In 2015, Congress exempted calls made to collect debts owed to or guaranteed by the United States from the TCPA’s autodialer restrictions. Today, in Barr v. American Association of Political Consultants, the Supreme Court of the United States held that the exemption unconstitutionally favors debt collection speech over political and other speech.
After determining that the exemption is unconstitutional, the court considered whether to invalidate the TCPA’s autodialer provision entirely or only the government debt exception. The plaintiffs, political and nonprofit organizations, argued that the court must strike down the entire provision. The government argued that the exception is severable; therefore, the court should leave the general autodialer provision intact. The court sided with the government on two grounds. First, the TCPA is part of a broader law (the Communications Act of 1934), which includes a severability clause. Second, even without a severability clause, prior precedent creates a presumption of severability, which the plaintiffs could not overcome.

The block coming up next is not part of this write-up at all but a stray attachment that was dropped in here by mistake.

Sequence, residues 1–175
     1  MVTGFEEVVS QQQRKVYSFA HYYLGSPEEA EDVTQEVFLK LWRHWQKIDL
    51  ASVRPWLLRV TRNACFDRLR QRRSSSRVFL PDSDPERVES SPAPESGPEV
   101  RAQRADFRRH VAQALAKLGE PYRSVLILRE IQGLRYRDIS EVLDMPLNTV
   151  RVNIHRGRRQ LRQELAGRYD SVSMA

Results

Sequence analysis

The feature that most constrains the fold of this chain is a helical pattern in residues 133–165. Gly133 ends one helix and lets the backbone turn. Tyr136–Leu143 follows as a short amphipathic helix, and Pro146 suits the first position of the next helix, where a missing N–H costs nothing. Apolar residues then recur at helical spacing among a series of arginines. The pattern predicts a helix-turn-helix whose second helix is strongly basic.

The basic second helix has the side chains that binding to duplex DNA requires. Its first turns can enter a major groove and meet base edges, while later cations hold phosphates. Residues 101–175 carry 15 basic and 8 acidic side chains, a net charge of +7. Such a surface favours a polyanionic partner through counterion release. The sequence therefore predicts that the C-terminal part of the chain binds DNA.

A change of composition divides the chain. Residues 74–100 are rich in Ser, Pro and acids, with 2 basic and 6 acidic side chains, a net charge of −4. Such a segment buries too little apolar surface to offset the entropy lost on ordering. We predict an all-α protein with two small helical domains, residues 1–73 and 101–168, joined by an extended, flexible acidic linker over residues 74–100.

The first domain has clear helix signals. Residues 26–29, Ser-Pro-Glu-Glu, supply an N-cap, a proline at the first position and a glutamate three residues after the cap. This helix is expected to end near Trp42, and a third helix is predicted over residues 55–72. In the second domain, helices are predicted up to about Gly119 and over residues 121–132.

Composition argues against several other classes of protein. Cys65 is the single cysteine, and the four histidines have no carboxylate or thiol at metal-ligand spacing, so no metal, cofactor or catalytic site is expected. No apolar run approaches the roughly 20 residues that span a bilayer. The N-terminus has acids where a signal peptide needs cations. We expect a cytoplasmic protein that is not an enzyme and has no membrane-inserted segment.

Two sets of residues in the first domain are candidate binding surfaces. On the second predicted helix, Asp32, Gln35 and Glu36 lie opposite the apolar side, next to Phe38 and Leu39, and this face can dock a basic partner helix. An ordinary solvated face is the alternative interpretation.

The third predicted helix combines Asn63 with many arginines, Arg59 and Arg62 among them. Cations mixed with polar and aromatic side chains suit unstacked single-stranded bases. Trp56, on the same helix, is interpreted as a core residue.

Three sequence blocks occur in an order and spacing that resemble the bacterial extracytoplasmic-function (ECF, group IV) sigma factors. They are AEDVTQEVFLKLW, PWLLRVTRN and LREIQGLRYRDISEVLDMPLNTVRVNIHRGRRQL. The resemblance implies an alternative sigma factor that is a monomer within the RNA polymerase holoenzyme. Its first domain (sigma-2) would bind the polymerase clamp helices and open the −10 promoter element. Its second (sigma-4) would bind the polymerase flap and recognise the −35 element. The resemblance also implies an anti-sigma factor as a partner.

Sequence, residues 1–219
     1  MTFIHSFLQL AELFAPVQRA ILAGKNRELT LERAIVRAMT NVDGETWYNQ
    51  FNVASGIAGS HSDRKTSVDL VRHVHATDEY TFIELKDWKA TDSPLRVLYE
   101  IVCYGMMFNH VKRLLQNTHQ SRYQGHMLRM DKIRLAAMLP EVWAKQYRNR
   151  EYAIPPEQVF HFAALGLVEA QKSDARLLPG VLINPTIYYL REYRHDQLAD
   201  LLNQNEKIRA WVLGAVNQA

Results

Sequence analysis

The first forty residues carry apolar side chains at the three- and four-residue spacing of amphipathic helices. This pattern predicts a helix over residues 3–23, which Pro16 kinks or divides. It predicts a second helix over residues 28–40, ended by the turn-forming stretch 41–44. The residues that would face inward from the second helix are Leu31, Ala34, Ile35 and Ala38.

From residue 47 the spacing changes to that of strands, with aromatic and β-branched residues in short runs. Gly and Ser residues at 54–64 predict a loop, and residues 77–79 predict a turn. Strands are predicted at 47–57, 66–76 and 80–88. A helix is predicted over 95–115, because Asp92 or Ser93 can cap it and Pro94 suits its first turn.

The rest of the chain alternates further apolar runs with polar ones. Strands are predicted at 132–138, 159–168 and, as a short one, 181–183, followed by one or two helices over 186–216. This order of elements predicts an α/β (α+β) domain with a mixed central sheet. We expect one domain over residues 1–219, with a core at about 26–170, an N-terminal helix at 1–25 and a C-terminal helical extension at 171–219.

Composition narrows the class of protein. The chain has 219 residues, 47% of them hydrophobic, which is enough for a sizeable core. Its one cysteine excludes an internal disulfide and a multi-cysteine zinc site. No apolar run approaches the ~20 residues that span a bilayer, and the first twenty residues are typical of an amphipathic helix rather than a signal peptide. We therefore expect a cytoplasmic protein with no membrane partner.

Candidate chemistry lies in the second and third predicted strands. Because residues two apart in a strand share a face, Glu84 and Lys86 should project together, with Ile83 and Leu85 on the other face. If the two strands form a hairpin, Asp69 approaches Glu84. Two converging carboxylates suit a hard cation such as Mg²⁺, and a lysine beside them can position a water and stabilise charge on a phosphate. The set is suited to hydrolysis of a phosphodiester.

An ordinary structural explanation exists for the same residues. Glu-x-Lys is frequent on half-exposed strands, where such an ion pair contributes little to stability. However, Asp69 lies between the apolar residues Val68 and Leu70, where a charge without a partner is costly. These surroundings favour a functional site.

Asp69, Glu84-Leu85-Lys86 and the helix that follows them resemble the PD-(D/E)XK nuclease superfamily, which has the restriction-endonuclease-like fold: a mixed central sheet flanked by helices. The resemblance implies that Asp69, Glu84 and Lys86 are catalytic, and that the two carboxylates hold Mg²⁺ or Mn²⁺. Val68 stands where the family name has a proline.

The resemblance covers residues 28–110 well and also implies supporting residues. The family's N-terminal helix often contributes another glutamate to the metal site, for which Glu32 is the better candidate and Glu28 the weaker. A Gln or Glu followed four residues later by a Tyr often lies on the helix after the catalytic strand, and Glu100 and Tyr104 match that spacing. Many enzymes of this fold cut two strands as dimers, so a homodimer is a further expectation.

The primary impact of the opinion is obvious. Callers trying to collect debts owed to or guaranteed by the United States must comply with the TCPA’s autodialer restrictions like everyone else. Those hoping the Supreme Court would invalidate the autodialer restrictions altogether are surely disappointed; however, asking the court to open the floodgates to millions (or billions) of prerecorded messages was always a tall order. The more likely path to curtail frivolous TCPA litigation is through a more reasonable, and consistently applied, interpretation of the term automatic telephone dialing system. That would allow companies to make live operator calls—subject to Do Not Call regulations and other consumer protection restrictions— without assuming the unnecessary risk created by inconsistent and overly-broad court interpretations.